Randy Noojin brings his nationally acclaimed Solo Multimedia Play with the Music and Artworks of Woody Guthrie to Silverton on March 29, 2019.
The inspiration for writing Hard Travelin' with Woody came when I saw a video of Woody's daughter, Nora Guthrie, singing Woody's song (with music by his son, Arlo Guthrie), "My Peace," at Banjo Jim's in NYC at a tribute concert of Woody's music. I was mysteriously moved. My friend Elena Skye had organized the tribute and showed me the video. She also kindly lent me her copy of Joe Klein's great biography, Woody Guthrie - A Life That Day, until I could get a copy I could start underlining. This was 2011, the year that protestors for Occupy Wall Street set up camp at Zuccotti Park down near Wall Street.
I had been looking for a subject for a solo show to write for myself and Woody's views on income inequality, brutal police, the mistreatment of migrant workers, unfair wages and working conditions for laborers were so close to my own views, I wouldn't have to "act," but just express my own concerns, using Woody's words and songs. There is plenty of Woody-in-his-own-words available to choose from, thanks to his autobiographical novel, Bound for Glory, a collection of his articles for People's World magazine called Woody sez, plus Library of Congress recordings of his interviews with Alan Lomax, and other collections of his writing.
I chose what I thought were his indispensable songs and found a trajectory among them; some seemed obviously to belong to a beginning, some to a middle, and I always thought "This Land Is Your Land" would be the final song.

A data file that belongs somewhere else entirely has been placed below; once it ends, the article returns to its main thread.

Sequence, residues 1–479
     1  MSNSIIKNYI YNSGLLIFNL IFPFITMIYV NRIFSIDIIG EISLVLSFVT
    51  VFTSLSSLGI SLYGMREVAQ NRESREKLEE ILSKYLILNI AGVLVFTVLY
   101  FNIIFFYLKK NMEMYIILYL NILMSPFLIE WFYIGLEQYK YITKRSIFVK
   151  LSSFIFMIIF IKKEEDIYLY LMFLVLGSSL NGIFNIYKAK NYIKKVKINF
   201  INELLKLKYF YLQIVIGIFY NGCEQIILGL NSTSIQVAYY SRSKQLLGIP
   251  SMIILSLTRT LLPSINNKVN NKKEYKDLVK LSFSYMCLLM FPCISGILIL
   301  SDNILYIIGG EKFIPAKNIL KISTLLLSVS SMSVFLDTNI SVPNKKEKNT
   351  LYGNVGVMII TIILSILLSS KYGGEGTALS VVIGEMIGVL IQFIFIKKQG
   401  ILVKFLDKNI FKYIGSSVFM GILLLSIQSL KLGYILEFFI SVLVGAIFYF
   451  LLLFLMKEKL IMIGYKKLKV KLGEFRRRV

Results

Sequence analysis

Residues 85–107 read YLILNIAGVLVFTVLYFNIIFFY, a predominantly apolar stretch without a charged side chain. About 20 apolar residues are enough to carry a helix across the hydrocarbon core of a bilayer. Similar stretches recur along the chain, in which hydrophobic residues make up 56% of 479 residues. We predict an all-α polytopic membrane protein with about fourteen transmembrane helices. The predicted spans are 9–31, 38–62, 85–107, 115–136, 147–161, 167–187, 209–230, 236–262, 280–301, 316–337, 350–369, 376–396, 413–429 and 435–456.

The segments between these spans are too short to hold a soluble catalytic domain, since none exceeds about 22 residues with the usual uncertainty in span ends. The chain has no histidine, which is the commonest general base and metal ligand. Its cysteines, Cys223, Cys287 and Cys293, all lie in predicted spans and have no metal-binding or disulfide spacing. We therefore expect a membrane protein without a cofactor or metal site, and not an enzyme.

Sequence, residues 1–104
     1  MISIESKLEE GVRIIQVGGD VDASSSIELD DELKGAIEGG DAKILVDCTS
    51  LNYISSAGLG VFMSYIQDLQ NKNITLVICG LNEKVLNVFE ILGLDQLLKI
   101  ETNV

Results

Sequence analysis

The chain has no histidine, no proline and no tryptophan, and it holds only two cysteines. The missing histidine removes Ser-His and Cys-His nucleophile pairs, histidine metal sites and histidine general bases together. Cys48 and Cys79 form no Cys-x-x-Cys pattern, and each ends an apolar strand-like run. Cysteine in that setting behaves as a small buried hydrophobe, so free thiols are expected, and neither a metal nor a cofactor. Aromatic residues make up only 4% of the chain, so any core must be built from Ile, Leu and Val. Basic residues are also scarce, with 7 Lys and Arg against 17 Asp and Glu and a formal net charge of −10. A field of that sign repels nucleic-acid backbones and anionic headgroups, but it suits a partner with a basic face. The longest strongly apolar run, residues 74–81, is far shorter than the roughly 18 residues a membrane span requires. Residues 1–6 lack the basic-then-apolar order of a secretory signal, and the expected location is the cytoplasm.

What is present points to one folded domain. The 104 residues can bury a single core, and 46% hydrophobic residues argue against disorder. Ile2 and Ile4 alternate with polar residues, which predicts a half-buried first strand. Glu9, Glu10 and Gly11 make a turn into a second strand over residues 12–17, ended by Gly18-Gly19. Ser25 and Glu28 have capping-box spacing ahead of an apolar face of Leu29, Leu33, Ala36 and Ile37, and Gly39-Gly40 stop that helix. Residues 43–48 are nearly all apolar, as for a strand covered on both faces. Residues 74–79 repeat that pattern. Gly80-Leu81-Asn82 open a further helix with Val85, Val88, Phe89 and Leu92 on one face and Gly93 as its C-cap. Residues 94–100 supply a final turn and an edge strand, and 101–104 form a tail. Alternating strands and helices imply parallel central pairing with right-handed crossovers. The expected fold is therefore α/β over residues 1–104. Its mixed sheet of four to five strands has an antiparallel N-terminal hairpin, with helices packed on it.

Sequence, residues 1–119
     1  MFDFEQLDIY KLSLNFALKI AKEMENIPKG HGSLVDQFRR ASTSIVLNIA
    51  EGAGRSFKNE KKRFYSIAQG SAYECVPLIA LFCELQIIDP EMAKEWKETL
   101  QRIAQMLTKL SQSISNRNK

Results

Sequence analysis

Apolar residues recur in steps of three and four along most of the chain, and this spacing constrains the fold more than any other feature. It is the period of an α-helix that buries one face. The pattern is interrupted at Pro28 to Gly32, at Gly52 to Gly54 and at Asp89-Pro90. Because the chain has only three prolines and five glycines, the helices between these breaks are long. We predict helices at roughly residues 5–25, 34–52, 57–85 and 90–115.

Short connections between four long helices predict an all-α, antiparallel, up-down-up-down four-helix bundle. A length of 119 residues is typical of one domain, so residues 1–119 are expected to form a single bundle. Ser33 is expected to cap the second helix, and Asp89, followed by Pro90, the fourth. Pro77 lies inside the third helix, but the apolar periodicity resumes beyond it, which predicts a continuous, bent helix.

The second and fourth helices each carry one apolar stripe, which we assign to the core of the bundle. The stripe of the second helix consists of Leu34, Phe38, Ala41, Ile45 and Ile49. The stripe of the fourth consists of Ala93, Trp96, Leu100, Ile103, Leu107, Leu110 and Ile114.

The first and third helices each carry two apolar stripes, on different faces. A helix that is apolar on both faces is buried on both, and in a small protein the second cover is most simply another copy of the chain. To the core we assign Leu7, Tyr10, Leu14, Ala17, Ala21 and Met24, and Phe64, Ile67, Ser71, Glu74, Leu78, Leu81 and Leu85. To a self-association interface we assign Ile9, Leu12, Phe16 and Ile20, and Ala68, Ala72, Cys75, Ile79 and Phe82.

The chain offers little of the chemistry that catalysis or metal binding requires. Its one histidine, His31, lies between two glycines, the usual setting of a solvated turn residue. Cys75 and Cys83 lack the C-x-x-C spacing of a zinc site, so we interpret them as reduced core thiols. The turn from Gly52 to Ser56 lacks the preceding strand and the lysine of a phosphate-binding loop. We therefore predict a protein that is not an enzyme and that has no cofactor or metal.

Once the context of a union meeting of striking mine workers was decided on, I began to find text that would bridge the songs with context, and follow Woody's journey toward discovering his life's work, his socio-political awakening, and his bottomless hope.
I wrote a first draft, began to have readings at Circle East and The Drilling Company in NYC. I busked portions of the show at Zuccotti Park for the Occupiers, and on the streets and subway platforms of New York. I submitted a draft to FringeNYC and was accepted; a first production was six months away. I hired the talented director, Richard Mover, to direct the first production, bought a good mic, some flags, learned to play the harmonica, and after a preview performance generously provided by Peg Denithorn, and critiued by Marshall W. Mason, at New York State Summer School of the Arts (NYSSSA), we opened to unanimously favorable reviews (and small houses). The show was still an embryo, but it had legs to stumble around on before it really walked. And it was keeping me sane with a writing and performance project to work on when TV/film and theatre work eluded me.
After the FringeNYC production, I kept working on the script and putting it in front of any audience I could find. My friend, Ron McIntyre Fender, produced the first show for a real labor union, the International Brotherhood of Electrical Workers in Chattanooga and also the first soup kitchen show for The Community Kitchen. Jude Schanzer, amazing artistic director of East Meadow Public Library, helped me market the show to other Long Island libraries.
I added projections of Woody's artworks in 2012 with the help of designer Caite Hevner, and now, after four years of tinkering, adding and subtracting songs and passages of text, the show is settling into a final draft. The work now is to market it, book it, tour it, and live the role of "poet-of-the-people" as truly as possible, with "no fake wigglin,'" as Woody would say, whenever I get the opportunity to play it.